“I’m not depressed today. I’m just mad. I’m mad at the disease. I’m mad at the stigma surrounding it. And I’m mad at how many physicians disregard the disease’s impact on the patient and their family!”

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“No longer do I buy into the word ‘dementia,’ he flatly states. “Other doctors and researchers still may, but I don’t. It means ‘going mad’ in Latin…and that’s just too much to lay on a person.” (To honor David and his position, I’ll avoid this word where possible in the rest of this post.)

After our first conversation, David’s been willing to update his status every year since that time (in April 2017 and May 2018 and now). I’ve done this for two reasons: First, he’s the only doctor I know living with a cognitive impairment who’s capable of observing himself, his condition, and his environment with a clinical mindset, and who’s open to talking about it publicly. Secondly, we grew up in the same small town of Cookeville, TN, though nine years apart. His older sister Susan and my younger sister Alice were good friends.

Just Do It
Another of David’s mantras is, “Don’t just talk about it. Do it!” And doing it he is. In earlier posts we discussed his personal regimen for trying to keep at bay the onset of symptoms associated with MCI. If curious, you can find his regimen and the reasoning behind it in this post. He’s retained much of it, yet some has changed; more on that later.

In the past 18 months, David has expanded his fight from primarily helping himself to also helping others with cognitive impairments. He’s helping personally and politically.

Last spring, for example, he traveled four times from Knoxville to lobby legislators in Nashville to establish what’s now called ‘The Tennessee Alzheimer’s and Related Dementias Advisory Council.’ David was selected as one of 13 persons to sit on this board. He’s the sole individual designated with a cognitive impairment; being a doctor is an added plus for the board. The council has until this January to develop a plan that (1) identifies barriers to the care of Alzheimer’s disease; (2) analyzes the effectiveness of services; and (3) includes recommendations, metrics, and best practices to address gaps in service.

The Advocate with Tennessee Lt. Gov. Randy McNally

The Advocate with Tennessee Lt. Gov. Randy McNally

Tennessee is a bit late to the task at hand. It suffers the country’s fourth highest annual death rate from Alzheimer’s—52.4 persons per 100,000, or 3,522 deaths, according to the Alzheimer’s Association 2019 Facts and Figures document. It trails only Vermont (59.3 deaths per 100,000), Mississippi (54.5 deaths), and Alabama (52.6 deaths).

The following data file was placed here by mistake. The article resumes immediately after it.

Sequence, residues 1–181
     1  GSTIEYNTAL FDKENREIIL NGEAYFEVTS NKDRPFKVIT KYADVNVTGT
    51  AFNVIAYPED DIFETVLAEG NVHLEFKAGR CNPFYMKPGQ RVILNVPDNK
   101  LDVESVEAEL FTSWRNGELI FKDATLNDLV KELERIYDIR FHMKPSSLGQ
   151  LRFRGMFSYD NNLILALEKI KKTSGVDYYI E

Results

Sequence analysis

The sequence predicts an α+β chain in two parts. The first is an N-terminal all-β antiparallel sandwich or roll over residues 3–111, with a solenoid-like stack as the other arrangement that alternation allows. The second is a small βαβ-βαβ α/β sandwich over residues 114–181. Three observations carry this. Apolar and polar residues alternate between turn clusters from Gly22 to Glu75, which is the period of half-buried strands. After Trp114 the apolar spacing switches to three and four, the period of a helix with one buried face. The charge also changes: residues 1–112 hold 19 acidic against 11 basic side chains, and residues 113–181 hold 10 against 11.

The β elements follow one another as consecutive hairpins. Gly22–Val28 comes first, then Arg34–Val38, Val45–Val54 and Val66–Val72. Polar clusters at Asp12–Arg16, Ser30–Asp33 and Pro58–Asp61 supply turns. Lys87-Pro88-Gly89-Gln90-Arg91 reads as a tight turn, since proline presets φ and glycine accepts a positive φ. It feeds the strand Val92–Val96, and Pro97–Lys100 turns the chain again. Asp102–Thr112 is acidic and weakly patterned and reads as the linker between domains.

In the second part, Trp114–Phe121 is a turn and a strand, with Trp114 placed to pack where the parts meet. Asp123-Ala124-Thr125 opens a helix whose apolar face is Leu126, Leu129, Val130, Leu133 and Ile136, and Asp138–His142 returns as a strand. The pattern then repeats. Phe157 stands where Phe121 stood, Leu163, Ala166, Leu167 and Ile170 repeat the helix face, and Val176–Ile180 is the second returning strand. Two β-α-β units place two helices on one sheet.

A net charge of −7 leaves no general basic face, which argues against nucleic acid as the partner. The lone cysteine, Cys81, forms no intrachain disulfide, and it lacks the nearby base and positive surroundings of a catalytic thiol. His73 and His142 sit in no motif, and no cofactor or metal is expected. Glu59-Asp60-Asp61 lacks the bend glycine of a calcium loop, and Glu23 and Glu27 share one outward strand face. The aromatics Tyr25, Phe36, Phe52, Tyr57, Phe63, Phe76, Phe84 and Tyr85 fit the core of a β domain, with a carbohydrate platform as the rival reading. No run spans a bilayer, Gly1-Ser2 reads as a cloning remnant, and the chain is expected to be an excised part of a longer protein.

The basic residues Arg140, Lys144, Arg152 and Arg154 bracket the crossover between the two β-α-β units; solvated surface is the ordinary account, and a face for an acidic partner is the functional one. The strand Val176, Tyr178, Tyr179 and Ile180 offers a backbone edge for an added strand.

“It’s important to be passionate about what you’re doing,” says David. “It helps me to stay focused. A commitment to something greater than myself is energizing.”

“But I really have to watch myself and not over-do it. I can’t do multiple things any more, and that still frustrates me. I must stay within my schedule’s structure. Otherwise, stress really messes up my thinking.”

While searching for a way to open our conversation, David’s voice was halting as though he were looking for the right words. But as soon as we landed on his passions, his voice changed dramatically. He became confident, clear, and emphatic.  

Gathering Support
Close to David’s heart is the support group he and an elder care attorney started last year for themselves, and then subsequently opened to others living with early-stage cognitive issues. “It just began with Monica Franklin and me talking over coffee and bagels.”  

But the group quickly grew to 25 people who are living with mild or early stage cognitive impairment. “We meet weekly in three different locations in greater Knoxville,” Monica Franklin says. “Ours is a diverse group of people who share their experiences and insights about living with cognitive impairment. And as we share with each other, we feel understood, accepted, and ‘normal.’” Their group is called “Sharing Experiences Together,” or S.E.T. for short.